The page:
Canned juice may turn brown and lose its flavor. Adding two tablespoons of bottled lemon juice to each quart of juice helps retain color and flavor. Bring juice quickly to a boil, pour into hot jars, adjust lids, and process.
Processing times at different altitudes for Pomegranates in a BOILING WATER canner:
|Altitude||0-1,000 ft||1,001-6,000 ft||Above 6,000 ft|
|Pints or Quarts||5 min||10 min||15 min|
*Jars that will be processed for less than 10 minutes should be sterilized before filling. Sterilize by heating jars in boiling water for 10 minutes.
Syrup and Jelly
- 4 cups pomegranate juice
- 2 cups sugar
Combine juice with sugar and stir. Heat just to simmering and simmer three to five minutes. Cool. Store syrup in the refrigerator for one to two weeks or in the freezer. Use as topping for ice cream or chilled fruits or in beverages.
- 3 1/2 cups pomegranate juice, fresh, frozen and thawed, or bottled 1/4 cup lemon juice
- 1 package (2 ounces) powdered pectin
- 4 1/2 cups sugar
Yield: 6 half-pint canning jars.
Combine pomegranate juice, lemon juice, and pectin in a 4- or 5-quart pot. Bring to a boil over medium-high heat, stirring constantly. Stir in sugar until well blended; return to a boil and continue boiling, uncovered, stirring occasionally for 2 minutes. Remove jelly from heat.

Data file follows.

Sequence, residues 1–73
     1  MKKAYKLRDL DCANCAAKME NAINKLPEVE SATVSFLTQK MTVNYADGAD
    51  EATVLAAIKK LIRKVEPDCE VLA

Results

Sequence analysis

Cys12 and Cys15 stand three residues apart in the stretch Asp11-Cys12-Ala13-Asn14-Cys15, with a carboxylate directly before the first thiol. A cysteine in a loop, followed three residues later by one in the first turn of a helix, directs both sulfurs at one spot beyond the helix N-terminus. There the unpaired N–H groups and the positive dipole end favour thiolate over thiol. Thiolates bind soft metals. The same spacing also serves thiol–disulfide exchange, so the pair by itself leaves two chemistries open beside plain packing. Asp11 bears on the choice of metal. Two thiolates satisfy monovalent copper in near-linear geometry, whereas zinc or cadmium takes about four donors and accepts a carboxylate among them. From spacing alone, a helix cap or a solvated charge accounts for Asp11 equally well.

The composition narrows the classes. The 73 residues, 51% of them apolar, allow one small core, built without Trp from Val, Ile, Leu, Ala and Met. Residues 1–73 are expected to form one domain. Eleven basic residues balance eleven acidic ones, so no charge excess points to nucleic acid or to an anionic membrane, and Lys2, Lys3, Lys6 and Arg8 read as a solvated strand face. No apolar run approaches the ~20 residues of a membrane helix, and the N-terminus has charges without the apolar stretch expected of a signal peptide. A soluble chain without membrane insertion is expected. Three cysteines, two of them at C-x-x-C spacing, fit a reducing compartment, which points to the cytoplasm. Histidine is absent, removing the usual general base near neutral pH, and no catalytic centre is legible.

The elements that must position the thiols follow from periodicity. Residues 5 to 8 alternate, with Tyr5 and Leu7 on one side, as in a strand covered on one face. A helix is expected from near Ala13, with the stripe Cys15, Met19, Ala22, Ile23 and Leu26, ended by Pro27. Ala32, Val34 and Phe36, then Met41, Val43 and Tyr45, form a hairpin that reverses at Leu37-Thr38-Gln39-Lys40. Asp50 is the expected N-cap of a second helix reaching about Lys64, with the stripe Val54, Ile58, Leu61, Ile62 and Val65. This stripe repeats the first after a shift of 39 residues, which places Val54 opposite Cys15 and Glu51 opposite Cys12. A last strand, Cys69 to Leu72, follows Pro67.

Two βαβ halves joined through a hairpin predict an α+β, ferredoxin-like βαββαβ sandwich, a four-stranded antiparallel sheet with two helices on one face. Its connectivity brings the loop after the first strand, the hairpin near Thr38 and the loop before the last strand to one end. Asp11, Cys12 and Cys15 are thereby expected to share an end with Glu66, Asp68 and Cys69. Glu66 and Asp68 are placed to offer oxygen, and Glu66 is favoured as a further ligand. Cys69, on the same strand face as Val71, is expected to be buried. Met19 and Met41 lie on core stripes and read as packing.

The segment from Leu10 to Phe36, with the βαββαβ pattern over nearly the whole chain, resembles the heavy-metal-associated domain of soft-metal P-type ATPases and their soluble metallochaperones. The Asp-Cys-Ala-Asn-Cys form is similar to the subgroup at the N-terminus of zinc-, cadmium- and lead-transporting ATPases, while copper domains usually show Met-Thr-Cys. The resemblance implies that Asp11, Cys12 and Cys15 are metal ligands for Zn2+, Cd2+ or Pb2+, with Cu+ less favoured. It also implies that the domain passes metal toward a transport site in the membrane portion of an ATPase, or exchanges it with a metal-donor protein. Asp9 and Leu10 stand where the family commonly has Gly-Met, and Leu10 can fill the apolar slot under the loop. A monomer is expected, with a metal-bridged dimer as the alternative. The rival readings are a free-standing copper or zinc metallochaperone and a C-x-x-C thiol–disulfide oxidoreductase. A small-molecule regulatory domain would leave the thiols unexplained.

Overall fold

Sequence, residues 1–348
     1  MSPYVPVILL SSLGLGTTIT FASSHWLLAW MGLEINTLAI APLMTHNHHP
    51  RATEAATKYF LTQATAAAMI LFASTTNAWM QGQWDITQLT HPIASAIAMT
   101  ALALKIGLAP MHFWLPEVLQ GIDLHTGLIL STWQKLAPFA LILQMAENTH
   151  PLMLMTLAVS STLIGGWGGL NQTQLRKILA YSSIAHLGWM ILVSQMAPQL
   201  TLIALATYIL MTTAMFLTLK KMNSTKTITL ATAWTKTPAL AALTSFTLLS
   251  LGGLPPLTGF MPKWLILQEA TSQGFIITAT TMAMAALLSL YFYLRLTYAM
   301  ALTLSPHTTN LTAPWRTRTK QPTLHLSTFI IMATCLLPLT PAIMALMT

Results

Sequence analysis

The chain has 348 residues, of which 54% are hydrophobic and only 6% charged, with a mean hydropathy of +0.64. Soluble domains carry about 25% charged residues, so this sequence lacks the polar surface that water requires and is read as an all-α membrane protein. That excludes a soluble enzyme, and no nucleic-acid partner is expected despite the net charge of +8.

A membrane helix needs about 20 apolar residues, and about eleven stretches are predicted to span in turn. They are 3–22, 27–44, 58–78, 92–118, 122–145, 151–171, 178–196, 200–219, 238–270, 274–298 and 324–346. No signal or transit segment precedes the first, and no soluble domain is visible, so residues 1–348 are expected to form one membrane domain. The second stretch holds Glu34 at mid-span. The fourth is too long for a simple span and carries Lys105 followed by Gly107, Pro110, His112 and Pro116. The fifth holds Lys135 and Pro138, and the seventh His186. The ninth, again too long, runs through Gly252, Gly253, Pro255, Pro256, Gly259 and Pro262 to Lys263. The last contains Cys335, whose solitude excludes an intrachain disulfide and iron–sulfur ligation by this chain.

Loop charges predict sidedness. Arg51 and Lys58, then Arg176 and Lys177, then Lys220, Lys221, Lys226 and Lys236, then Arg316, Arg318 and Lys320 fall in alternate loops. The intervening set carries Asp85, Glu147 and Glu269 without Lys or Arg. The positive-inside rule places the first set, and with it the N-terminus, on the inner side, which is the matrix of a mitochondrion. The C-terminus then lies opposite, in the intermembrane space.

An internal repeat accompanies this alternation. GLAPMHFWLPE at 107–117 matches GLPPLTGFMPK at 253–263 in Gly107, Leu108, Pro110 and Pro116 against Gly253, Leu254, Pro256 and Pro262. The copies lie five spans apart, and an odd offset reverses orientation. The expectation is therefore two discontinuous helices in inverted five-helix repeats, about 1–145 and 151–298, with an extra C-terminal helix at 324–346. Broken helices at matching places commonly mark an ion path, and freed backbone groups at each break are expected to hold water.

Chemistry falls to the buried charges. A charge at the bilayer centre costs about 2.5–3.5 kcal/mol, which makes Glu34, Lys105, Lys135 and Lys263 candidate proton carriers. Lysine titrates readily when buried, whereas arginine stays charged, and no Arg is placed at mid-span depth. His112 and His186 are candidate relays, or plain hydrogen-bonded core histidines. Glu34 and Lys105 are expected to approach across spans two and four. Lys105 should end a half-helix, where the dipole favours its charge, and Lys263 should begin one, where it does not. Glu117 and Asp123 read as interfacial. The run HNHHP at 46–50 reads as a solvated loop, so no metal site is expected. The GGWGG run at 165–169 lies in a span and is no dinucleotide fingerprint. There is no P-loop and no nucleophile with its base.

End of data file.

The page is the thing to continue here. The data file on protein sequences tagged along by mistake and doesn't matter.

Let stand a minute to allow foam to form; then carefully skim off the foam. Pour hot jelly quickly into hot half pint jars, filling jars to within about 1/4 inch of tops. Carefully wipe off rim of jar. Put lid on each jar as it is filled, screwing ring band on hand tight. Process in hot water bath according to altitude chart below.
Cool jars away from drafts on a towel. If jars do not seal, refrigerate. Label sealed jars and store in a cool, dark area.
Recommended process time in a Boiling-Water canner for Pomegranate Jelly
|Process times at altitudes of:|
|Style of Pack||Jar size||0-1,000 ft||1,001-3,000 ft||3,001-6,000 ft||Above 6,000 ft|
|Hot||Half Pints||5 min.||Add 1 minute for each additional 1000 feet above 1000ft.||Add 1 minute for each additional 1000 feet above 1000ft.||Add 1 minute for each additional 1000 feet above 1000ft.|
Store pomegranates in a cool, dry well-ventilated place. The fruit should be spread on shelves or tables or hung by tying strings to the fruit stems. Fruit can also be refrigerated. Fresh seeds or juice will keep in the refrigerator for up to 5 days. Use frozen pomegranates within 1 year.
The pomegranate’s main food value is carbohydrates. Half a medium pomegranate is 82% water and about 50 calories. It is an excellent source of potassium (199 mg) and is very low in sodium (2 mg).
- Andress, Elizabeth L. and Judy A. Harrison. 1999. So Easy to Preserve, 4th Ed. Cooperative Extension Service, University of Georgia. Athens GA.
- Crites. Alice M., Linnis Mills, Gayland D. Robison. Pomegranate – A Versatile Fruit, College of Agriculture University of Nevada-Reno Nevada Cooperative Extension, Nevada Fact Sheet Number 86-8.
- Section 5. Subsistence. Department of Defense 4145.19-R-1, 1979.
SuzAnne Jorgensen, Family and Consumer Sciences Agent; Charlotte Brennand, Food Safety/Preservation Specialist